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Agronomy for Sustainable Development

, Volume 32, Issue 3, pp 747–754 | Cite as

Osmoregulators proline and glycine betaine counteract salinity stress in canola

  • Moheb T. Sakr
  • Naser M. El-Sarkassy
  • Michael P. FullerEmail author
Research Article

Abstract

Salt inundation leads to increased salinization of arable land in many arid and semi-arid regions. Until genetic solutions are found farmers and growers must either abandon salt-affected fields or use agronomic treatments that alleviate salt stress symptoms. Here, field experiments were carried out to study the effect of the osmoregulators proline at 200 mg L−1 and glycine betaine at 400 mg L−1 in counteracting the harmful effect of soil salinity stress on canola plants grown in Egypt. We assessed growth characteristics, yield and biochemical constituents. Results show first that all growth characters decreased with increasing salinity stress but applied osmoregulators alleviated these negative effects. Second, salinity stress decreased photosynthetic pigments, K and P contents, whilst increasing proline, soluble sugars, ascorbic acid, Na and Cl contents. Third, application of osmoregulators without salt stress increased photosynthetic pigments, proline, soluble sugars, N, K and P contents whilst decreasing Na and Cl contents. It is concluded that the exogenously applied osmoregulators glycine betaine and proline can fully or partially counteract the harmful effect of salinity stress on growth and yield of canola.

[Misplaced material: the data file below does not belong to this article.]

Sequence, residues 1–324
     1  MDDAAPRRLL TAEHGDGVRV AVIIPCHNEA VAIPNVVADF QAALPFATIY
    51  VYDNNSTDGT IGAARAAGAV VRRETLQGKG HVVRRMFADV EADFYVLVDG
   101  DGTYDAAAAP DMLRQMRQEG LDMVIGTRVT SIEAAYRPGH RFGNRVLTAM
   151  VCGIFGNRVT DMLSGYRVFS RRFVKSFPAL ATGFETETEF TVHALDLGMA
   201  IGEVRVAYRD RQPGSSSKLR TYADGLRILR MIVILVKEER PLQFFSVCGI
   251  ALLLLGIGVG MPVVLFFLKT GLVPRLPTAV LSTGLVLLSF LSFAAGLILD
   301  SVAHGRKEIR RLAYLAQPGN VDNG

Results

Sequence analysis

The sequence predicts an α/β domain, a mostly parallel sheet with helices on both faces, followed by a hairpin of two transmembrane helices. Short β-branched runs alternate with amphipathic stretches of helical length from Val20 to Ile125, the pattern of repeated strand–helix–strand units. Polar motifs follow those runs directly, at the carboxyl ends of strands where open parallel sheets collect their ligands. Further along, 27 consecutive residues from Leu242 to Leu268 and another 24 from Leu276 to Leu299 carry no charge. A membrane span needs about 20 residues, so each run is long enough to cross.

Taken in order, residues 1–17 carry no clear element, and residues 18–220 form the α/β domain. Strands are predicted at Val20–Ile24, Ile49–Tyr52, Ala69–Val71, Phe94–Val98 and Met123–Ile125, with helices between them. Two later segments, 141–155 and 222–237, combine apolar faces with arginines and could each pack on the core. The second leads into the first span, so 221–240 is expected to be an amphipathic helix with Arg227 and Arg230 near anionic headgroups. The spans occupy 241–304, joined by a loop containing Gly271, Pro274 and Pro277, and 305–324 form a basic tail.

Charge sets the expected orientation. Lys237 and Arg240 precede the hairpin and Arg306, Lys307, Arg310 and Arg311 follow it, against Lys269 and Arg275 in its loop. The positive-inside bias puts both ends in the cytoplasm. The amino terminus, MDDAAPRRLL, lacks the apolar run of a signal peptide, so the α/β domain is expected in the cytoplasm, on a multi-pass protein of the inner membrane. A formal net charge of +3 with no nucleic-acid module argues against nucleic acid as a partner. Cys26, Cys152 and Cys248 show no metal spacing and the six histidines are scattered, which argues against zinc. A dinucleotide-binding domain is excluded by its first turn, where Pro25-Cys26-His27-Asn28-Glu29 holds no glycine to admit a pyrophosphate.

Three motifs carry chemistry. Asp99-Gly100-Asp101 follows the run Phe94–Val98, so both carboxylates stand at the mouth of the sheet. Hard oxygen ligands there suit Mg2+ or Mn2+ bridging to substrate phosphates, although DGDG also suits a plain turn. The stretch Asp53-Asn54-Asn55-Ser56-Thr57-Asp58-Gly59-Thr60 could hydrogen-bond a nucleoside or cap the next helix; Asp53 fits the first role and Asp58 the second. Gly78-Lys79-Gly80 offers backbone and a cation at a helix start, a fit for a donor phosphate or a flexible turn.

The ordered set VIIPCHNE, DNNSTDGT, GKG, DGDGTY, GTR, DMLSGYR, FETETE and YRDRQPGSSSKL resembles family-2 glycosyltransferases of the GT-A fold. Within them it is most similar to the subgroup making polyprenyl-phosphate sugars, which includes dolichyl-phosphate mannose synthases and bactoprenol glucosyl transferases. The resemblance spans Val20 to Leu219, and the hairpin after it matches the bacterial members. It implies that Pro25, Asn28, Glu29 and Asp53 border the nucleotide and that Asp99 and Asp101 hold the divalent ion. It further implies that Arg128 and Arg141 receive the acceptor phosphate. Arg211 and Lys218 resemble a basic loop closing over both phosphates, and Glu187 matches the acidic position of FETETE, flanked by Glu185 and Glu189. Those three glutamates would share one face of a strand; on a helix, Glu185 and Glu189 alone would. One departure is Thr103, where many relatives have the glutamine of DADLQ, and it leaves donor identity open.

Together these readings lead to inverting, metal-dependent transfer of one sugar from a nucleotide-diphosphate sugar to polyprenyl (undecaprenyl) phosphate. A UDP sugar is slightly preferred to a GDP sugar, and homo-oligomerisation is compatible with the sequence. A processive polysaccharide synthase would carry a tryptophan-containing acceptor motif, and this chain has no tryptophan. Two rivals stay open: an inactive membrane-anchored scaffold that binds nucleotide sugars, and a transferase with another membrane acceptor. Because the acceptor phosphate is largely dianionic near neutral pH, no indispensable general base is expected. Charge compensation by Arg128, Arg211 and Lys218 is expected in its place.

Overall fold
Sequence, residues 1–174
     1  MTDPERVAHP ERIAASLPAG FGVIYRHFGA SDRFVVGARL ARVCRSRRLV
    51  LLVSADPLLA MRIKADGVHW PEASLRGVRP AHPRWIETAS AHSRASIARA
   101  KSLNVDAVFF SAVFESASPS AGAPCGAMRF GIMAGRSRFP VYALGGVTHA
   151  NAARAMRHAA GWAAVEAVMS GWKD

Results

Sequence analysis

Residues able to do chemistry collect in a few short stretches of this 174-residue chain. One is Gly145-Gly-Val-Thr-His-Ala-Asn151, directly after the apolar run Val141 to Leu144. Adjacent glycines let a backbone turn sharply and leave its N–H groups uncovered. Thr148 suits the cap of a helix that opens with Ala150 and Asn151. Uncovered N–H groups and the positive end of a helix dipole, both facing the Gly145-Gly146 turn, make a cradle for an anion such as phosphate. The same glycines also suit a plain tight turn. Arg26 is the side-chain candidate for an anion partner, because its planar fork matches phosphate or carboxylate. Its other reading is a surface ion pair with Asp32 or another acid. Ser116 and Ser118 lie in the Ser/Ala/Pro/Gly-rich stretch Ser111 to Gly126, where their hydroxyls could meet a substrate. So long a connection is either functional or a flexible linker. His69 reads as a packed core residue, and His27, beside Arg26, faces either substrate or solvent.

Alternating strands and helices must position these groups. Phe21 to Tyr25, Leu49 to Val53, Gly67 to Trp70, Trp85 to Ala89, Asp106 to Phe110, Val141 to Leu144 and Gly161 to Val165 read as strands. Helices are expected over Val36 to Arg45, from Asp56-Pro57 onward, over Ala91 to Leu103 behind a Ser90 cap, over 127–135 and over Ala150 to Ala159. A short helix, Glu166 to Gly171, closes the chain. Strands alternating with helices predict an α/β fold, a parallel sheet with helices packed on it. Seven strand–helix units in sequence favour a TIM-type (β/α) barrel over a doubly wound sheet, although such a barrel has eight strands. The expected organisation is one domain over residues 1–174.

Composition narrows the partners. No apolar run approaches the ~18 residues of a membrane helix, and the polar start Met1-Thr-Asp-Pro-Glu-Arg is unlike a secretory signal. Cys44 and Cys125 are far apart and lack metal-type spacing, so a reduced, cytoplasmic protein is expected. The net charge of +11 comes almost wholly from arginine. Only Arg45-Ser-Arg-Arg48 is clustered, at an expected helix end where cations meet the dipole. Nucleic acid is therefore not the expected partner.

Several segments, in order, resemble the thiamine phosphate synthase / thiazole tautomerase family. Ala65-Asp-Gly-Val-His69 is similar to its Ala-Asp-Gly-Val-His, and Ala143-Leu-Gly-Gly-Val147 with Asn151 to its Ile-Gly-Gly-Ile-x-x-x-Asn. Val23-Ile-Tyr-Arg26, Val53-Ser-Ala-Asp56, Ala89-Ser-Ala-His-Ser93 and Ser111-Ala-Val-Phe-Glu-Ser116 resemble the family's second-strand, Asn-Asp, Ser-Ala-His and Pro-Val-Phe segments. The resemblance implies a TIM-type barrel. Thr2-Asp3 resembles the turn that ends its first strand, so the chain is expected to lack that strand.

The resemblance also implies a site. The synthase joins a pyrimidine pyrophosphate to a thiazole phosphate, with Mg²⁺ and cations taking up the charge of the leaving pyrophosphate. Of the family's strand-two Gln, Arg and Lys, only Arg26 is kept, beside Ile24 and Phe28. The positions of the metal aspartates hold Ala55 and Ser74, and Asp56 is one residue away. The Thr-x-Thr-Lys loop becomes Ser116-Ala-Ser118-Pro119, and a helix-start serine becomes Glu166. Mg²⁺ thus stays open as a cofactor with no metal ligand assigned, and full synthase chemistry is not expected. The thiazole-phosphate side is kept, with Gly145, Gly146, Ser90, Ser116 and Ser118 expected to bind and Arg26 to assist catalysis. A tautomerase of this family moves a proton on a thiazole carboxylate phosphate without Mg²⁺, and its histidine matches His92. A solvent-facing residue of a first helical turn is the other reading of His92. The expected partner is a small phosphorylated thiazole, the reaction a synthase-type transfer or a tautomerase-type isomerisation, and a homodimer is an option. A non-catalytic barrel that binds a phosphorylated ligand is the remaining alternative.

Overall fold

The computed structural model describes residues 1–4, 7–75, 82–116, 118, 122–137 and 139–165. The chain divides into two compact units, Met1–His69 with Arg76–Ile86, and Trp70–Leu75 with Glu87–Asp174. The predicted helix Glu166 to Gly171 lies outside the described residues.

Keywords

Salt stress Osmoregulators Canola Glycine betaine Proline 

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Copyright information

© INRA and Springer-Verlag, France 2012

Authors and Affiliations

  • Moheb T. Sakr
    • 1
  • Naser M. El-Sarkassy
    • 2
  • Michael P. Fuller
    • 3
    Email author
  1. 1.Agricultural Botany Department, Agriculture FacultyMansoura UniversityMansouraEgypt
  2. 2.Agricultural Botany and Plant Pathology Department, Agriculture FacultyZagazig UniversityZagazigEgypt
  3. 3.School of Biomedical and Biological Sciences, Faculty of Science and TechnologyUniversity of PlymouthDevonUK

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